Although Zircon's existence predates Cubic Zirconia by centuries, Zircon is often unfairly confused with Cubic Zirconia. Cubic Zirconia is a cheap, synthetic diamond substitute that resembles colorless Zircon and has a similar sounding name. While Zircon may also be used as a Diamond substitute, it is valuable in its own right.
The fire in Zircon, called dispersion, is caused by light entering the gemstone and separating into a prism of rainbow colors. Possessing dispersion approaching that of diamond, the brilliance of Zircon is second to none. The Zircon Cut, a variation of the Brilliant Cut that adds eight extra facets to the pavilion, was designed to take advantage of these properties.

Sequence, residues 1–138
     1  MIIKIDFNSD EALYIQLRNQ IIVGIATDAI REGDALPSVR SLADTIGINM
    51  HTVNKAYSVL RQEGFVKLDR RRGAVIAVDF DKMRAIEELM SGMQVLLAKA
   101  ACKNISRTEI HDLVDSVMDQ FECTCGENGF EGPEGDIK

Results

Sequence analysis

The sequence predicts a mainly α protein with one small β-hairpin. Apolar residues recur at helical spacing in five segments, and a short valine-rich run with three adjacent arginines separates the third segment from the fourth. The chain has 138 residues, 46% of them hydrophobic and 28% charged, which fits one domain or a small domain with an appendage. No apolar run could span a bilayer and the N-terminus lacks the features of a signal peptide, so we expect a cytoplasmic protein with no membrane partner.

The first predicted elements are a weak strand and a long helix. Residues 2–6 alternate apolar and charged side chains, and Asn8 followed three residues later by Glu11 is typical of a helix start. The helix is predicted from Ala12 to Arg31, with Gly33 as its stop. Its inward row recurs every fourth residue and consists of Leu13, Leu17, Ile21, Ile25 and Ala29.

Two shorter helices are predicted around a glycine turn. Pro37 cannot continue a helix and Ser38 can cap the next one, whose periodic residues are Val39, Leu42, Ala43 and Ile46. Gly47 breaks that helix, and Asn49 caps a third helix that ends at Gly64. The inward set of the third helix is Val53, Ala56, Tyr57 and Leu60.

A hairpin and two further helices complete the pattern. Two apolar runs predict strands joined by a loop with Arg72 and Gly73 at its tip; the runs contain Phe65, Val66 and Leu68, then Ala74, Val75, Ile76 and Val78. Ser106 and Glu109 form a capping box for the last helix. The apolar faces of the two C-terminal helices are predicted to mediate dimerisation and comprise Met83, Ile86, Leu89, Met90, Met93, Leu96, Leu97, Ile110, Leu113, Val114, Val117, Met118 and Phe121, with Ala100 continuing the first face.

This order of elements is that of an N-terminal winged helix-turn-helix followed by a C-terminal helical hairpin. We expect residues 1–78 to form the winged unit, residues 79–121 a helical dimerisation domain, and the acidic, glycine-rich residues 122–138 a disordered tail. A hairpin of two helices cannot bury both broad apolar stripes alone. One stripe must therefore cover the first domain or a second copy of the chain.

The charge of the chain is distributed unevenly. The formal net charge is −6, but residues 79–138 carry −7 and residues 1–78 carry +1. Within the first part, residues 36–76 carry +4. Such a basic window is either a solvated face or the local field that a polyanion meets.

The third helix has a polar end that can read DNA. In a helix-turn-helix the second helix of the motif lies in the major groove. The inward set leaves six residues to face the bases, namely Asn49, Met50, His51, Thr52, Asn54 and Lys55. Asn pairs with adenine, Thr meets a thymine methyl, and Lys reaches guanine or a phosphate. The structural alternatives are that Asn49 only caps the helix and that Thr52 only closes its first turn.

Zircon is mined in Thailand, Vietnam, Cambodia, Sri Lanka and Nigeria. In fact, deposits of Zircon have even been found on the moon. Cambodia is arguably the world’s premiere source for gorgeous Zircon. Sixty-three miles North of Angkor Wat, close to the Cambodian-Thai border, lay the mines of Preah Vihear, the source of some of the world’s finest Blue Zircon. Remote, primitive and stunningly beautiful, Ratanakiri is another major center for Cambodian Zircon. Ratanakiri literally means “Gemstone Mountain”. South of the city a mining camp has been carved from the forest, where workers toil to extract Blue Zircon from narrow mine shafts that tap into an alluvial layer about 15 feet below the surface.